Detroit used to have major traffic congestion Downtown:
The arterial vehicular traffic jams in Detroit can be cleared only by breaking the bottlenecks in the heart of the city where the greatest volume occurs. Traffic studies clearly show that a large percentage of traffic proceeds between its origin and destination on illogical routes. The crow-foot avenues, the confused tangle of the old city, the rectangular pattern of the newer developments, the network of railroads, the absence of breaks in topography through which arteries might have been built behind the growth of the city, the monotonous flatness downtown which prompted the solid building with no open spaces between developments, the relation of business and industry to the waterfront; all these contribute to the circuitous travel necessary to reach most points by automobile. The streets of Detroit are wider than those in most cities hut they arc not wide enough in the right places and cannot he stretched enough at most throats of congestion to meet the increasing traffic loads. The greatest barriers to convenient and safe automobile travel are the automobiles themselves which were built faster than the streets were modernized to accommodate them.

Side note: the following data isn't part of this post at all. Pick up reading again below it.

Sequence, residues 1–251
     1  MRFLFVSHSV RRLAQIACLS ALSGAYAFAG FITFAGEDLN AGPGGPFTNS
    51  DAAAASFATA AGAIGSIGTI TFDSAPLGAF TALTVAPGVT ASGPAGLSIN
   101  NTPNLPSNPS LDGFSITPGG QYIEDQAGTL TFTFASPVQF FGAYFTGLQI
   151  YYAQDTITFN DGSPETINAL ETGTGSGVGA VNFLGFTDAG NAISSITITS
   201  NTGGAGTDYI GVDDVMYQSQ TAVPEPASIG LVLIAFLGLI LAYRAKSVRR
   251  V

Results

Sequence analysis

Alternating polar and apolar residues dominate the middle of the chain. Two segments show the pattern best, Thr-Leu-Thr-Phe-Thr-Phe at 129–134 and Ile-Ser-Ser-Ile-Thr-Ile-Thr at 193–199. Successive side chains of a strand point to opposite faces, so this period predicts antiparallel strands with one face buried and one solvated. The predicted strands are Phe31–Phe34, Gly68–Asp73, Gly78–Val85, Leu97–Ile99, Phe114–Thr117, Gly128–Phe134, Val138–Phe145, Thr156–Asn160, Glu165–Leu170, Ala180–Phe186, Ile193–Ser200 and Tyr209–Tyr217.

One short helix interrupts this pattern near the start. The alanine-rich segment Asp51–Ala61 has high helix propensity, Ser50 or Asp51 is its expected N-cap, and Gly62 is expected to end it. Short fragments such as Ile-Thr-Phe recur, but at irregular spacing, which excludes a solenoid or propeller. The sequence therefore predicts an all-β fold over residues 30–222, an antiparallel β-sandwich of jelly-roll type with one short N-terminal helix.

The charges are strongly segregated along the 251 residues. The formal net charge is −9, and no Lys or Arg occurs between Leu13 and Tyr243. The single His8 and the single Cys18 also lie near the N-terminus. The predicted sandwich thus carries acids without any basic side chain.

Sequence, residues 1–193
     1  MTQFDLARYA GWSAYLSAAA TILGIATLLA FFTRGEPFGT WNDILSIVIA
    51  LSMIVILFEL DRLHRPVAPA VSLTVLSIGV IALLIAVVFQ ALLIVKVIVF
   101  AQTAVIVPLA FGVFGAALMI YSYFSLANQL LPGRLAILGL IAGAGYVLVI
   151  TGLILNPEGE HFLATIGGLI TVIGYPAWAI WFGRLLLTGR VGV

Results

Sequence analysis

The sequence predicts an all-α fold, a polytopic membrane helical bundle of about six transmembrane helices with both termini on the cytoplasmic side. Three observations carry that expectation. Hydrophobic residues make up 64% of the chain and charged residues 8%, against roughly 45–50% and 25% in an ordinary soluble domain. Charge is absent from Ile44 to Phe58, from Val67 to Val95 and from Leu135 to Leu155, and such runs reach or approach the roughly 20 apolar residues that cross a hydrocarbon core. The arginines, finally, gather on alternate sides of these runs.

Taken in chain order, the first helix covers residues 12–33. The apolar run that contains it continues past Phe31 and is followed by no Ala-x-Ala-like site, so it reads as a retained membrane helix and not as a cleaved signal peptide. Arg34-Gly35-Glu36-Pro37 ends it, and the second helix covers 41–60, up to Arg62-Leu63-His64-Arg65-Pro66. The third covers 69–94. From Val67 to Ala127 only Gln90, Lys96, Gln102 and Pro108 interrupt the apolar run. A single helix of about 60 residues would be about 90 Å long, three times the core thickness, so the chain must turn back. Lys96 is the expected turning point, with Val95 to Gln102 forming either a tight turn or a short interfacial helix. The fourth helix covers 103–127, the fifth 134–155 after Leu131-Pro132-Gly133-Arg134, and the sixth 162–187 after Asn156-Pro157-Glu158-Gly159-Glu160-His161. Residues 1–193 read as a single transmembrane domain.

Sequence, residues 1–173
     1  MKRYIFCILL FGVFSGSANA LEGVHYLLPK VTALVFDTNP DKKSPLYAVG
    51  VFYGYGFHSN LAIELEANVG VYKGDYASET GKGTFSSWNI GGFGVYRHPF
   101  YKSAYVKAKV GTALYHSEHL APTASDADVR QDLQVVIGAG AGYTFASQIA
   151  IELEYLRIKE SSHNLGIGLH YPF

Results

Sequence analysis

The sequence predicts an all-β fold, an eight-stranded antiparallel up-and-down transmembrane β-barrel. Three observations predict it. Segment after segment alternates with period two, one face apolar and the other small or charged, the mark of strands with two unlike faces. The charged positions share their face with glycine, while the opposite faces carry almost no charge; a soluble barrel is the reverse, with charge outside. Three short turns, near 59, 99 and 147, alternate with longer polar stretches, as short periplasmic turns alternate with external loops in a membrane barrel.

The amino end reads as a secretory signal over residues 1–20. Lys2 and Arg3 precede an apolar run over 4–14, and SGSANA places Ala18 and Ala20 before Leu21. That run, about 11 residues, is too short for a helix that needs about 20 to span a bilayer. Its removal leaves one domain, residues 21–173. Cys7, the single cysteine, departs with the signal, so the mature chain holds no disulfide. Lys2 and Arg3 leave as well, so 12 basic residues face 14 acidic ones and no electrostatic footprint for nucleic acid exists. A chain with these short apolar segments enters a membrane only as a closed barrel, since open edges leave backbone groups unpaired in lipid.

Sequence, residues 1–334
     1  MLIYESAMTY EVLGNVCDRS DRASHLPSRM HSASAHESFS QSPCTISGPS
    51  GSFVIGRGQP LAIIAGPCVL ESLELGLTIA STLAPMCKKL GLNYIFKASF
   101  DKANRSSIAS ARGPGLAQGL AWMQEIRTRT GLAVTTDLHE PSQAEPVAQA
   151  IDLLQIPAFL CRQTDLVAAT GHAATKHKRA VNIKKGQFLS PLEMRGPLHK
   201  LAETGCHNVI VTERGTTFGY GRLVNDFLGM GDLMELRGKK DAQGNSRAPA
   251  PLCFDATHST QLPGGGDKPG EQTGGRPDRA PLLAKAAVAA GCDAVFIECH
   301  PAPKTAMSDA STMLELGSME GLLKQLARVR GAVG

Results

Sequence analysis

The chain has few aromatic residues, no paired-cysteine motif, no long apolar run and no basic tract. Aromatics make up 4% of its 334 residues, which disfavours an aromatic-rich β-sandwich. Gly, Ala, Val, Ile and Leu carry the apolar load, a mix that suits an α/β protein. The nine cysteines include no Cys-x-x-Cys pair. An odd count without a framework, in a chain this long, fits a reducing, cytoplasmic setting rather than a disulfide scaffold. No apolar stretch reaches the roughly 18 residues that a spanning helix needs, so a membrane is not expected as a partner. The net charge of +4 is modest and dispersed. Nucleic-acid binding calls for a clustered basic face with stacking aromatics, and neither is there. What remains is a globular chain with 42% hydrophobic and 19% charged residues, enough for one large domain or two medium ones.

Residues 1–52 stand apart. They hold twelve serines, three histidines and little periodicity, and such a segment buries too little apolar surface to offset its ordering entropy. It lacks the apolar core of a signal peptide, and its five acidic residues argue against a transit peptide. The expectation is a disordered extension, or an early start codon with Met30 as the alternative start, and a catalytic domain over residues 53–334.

These maps and the traffic analyses led to the emphasis on expressway development as opposed to regional and rapid transit. The unfortunate conclusion from these analyses were:
With no natural open spaces to follow, the new expressways must be located largely through solid development. It is fortunate that the general pattern of traffic flow coincides with belts of depressed property cheap enough to acquire for wide traffic arteries.
The areas of “depressed property” being referenced were the majority Black areas of Detroit, most notably Hastings Street, Paradise Valley.